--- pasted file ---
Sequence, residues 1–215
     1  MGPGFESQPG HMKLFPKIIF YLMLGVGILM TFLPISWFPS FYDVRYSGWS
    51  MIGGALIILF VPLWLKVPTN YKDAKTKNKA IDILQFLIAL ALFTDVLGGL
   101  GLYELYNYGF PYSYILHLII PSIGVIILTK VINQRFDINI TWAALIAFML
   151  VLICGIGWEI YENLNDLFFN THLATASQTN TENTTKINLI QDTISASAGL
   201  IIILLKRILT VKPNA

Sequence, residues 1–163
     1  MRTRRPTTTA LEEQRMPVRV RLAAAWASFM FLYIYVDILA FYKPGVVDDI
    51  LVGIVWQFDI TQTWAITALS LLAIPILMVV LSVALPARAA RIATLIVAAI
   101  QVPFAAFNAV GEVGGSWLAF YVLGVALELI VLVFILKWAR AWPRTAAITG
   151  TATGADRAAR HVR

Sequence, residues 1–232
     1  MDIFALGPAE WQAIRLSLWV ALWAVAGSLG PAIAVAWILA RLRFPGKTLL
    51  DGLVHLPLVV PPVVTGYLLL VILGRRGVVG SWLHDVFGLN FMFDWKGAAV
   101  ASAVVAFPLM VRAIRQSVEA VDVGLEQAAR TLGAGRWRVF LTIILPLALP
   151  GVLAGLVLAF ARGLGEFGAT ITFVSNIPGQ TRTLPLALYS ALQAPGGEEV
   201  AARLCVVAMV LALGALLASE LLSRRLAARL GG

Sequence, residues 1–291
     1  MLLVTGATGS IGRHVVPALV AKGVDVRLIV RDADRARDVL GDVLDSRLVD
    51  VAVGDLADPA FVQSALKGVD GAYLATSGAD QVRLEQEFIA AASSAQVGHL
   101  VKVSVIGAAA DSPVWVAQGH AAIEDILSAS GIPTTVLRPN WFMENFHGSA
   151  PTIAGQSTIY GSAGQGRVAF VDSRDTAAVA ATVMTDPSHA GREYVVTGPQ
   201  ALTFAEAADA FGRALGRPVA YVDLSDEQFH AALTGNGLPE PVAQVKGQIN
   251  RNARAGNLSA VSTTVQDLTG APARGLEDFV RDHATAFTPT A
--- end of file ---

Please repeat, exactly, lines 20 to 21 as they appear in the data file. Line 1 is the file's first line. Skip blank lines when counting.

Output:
    51  VAVGDLADPA FVQSALKGVD GAYLATSGAD QVRLEQEFIA AASSAQVGHL
   101  VKVSVIGAAA DSPVWVAQGH AAIEDILSAS GIPTTVLRPN WFMENFHGSA